3. Stewart M, Brown J, Donner A, McWhinney I, Oates J, Weston W, et al. The impact of patient-centered care on outcomes. J Fam Pract 2000 Sep;49(9):796-804. [Medline]
    4. Levinson W, Roter D, Mullooly J, Dull V, Frankel R. Physician-patient communication. The relationship with malpractice claims among primary care physicians and surgeons. JAMA 1997 Feb 19;277(7):553-559. [Medline]
    5. Kaplan SH, Greenfield S, Ware J. Assessing the effects of physician-patient interactions on the outcomes of chronic disease. Med Care 1989 Mar;27(3 Suppl):S110-S127. [Medline]
    6. Stewart MA. Effective physician-patient communication and health outcomes: A review. CMAJ 1995 May 1;152(9):1423-1433 [FREE Full text] [Medline]
    7. Levinson W, Lesser CS, Epstein RM. Developing physician communication skills for patient-centered care. Health Aff (Millwood) 2010 Jul;29(7):1310-1318 [FREE Full text] [CrossRef] [Medline]
    8. Epstein RM, Alper BS, Quill TE. Communicating evidence for participatory decision making. JAMA 2004 May 19;291(19):2359-2366. [CrossRef] [Medline]
    9. Greenfield S, Kaplan SH, Ware JE, Yano EM, Frank HJL. Patients’ participation in medical care. J Gen Intern Med 1988 Sep;3(5):448-457. [CrossRef]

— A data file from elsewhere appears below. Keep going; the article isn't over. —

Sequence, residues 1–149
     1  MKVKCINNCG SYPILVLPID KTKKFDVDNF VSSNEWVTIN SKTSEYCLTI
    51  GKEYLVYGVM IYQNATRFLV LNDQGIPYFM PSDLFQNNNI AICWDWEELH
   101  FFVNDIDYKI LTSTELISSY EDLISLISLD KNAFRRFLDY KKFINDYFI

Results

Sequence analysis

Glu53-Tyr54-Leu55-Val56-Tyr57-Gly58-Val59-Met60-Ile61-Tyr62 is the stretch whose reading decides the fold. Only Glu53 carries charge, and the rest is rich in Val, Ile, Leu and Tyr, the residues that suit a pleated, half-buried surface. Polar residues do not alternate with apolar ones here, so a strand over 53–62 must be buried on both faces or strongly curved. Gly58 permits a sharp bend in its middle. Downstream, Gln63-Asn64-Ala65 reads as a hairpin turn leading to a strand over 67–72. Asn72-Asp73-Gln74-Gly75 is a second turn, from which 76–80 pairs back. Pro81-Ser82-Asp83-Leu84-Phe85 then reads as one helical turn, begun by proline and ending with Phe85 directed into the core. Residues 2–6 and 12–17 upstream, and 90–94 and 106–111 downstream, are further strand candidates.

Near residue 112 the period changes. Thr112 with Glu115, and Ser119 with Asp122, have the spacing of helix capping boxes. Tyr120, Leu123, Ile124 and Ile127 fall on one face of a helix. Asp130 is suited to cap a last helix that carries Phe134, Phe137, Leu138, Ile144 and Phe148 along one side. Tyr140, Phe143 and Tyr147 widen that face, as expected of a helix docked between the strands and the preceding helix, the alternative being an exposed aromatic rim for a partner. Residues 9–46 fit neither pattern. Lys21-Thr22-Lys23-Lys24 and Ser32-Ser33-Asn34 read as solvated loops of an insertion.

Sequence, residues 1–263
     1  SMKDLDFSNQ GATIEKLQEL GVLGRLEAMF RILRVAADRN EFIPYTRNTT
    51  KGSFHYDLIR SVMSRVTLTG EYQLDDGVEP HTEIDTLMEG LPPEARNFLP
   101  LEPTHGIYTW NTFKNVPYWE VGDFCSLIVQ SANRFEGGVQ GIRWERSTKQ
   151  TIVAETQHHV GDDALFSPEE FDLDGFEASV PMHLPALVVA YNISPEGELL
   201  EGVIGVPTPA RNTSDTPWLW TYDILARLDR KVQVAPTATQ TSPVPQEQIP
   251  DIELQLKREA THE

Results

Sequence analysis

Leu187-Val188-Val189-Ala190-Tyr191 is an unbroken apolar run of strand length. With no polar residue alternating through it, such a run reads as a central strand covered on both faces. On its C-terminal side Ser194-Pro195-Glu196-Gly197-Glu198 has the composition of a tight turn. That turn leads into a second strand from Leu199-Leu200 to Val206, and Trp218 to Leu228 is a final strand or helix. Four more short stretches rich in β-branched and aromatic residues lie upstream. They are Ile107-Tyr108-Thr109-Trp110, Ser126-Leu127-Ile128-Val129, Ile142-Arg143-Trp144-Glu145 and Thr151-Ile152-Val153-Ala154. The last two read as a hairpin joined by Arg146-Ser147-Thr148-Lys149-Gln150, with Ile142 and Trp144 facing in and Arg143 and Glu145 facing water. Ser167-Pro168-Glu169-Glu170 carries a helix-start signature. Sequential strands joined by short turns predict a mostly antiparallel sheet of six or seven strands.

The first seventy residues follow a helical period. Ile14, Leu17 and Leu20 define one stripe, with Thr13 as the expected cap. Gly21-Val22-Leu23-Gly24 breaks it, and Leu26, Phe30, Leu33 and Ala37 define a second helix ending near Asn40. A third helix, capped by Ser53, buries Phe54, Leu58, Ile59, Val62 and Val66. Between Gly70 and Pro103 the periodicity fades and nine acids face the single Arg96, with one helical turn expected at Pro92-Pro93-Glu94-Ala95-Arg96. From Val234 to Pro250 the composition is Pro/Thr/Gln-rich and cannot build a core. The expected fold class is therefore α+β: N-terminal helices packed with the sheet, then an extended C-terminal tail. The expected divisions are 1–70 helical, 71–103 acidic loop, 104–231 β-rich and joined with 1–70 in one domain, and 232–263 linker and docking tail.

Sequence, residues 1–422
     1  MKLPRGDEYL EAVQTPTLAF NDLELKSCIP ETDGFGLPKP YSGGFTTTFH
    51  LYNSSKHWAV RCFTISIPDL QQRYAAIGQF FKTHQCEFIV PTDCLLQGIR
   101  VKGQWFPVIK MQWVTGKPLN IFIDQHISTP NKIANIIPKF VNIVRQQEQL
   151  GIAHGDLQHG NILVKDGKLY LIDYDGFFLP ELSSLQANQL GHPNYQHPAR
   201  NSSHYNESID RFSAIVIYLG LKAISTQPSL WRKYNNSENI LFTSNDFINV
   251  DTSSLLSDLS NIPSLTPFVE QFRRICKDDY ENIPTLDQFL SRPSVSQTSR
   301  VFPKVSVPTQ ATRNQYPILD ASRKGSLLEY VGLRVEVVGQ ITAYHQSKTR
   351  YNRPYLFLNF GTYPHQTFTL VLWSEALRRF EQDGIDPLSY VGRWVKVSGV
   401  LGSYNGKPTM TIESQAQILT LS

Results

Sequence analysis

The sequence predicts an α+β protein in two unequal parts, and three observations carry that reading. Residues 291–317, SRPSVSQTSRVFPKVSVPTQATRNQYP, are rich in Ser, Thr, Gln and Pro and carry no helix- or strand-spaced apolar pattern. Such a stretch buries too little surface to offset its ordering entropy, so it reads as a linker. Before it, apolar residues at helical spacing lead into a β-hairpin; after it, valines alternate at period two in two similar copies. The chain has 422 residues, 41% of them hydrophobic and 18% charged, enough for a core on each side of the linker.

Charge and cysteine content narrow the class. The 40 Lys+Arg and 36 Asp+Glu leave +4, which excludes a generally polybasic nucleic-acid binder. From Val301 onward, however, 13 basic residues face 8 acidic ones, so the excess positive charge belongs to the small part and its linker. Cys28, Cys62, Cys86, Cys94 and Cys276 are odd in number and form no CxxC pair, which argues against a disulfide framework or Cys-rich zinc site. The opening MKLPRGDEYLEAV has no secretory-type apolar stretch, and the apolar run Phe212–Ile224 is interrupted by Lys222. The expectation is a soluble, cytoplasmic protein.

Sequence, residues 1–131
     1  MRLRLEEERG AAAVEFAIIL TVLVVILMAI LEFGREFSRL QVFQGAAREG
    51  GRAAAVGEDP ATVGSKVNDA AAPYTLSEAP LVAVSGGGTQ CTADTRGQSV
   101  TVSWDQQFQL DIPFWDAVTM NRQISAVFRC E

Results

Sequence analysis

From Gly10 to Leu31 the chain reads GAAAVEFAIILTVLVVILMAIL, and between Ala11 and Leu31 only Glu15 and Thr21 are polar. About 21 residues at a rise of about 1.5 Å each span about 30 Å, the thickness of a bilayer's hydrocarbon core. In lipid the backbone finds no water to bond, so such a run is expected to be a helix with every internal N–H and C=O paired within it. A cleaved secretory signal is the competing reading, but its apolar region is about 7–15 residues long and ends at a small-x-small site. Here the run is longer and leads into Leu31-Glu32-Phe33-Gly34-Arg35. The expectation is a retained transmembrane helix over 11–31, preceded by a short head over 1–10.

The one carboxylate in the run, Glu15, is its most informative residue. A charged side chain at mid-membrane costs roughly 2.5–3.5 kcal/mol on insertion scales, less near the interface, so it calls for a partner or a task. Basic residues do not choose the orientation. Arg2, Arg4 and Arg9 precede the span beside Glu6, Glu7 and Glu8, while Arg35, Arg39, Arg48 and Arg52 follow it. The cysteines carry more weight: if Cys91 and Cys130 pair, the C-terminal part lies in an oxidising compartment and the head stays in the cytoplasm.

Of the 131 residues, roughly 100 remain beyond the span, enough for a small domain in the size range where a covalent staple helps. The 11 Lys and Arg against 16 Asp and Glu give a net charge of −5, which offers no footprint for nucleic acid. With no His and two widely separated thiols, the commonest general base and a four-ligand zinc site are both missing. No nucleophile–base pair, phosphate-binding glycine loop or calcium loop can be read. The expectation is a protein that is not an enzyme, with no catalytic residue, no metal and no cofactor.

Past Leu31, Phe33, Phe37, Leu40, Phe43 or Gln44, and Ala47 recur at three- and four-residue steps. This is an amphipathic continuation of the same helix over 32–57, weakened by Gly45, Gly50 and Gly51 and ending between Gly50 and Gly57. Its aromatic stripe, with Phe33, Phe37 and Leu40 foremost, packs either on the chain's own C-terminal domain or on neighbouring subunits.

10. Griffin SJ, Kinmonth AL, Veltman MW, Gillard S, Grant J, Stewart M. Effect on health-related outcomes of interventions to alter the interaction between patients and practitioners: A systematic review of trials. Ann Fam Med 2004;2(6):595-608 [FREE Full text] [CrossRef] [Medline]
    11. Saha S, Beach MC. The impact of patient-centered communication on patients' decision making and evaluations of physicians: A randomized study using video vignettes. Patient Educ Couns 2011 Sep;84(3):386-392 [FREE Full text] [CrossRef] [Medline]
    12. Beck RS, Daughtridge R, Sloane PD. Physician-patient communication in the primary care office: A systematic review. J Am Board Fam Pract 2002;15(1):25-38 [FREE Full text] [Medline]
    13. Pauwels RA, Buist AS, Calverley PM, Jenkins CR, Hurd SS, GOLD Scientific Committee. Global strategy for the diagnosis, management, and prevention of chronic obstructive pulmonary disease. NHLBI/WHO Global Initiative for Chronic Obstructive Lung Disease (GOLD) Workshop summary. Am J Respir Crit Care Med 2001 Apr;163(5):1256-1276. [CrossRef] [Medline]
    14. Hulka BS, Cassel JC, Kupper LL, Burdette JA. Communication, compliance, and concordance between physicians and patients with prescribed medications. Am J Public Health 1976 Sep;66(9):847-853. [CrossRef]
    15. Samuels-Kalow ME, Stack AM, Porter SC. Effective discharge communication in the emergency department. Ann Emerg Med 2012 Aug;60(2):152-159. [CrossRef] [Medline]
    16. Chugh A, Williams MV, Grigsby J, Coleman EA. Better transitions: Improving comprehension of discharge instructions. Front Health Serv Manage 2009;25(3):11-32. [Medline]
    17. McCarthy DM, Engel KG, Buckley BA, Forth VE, Schmidt MJ, Adams JG, et al. Emergency department discharge instructions: Lessons learned through developing new patient education materials. Emerg Med Int 2012;2012:306859 [FREE Full text] [CrossRef] [Medline]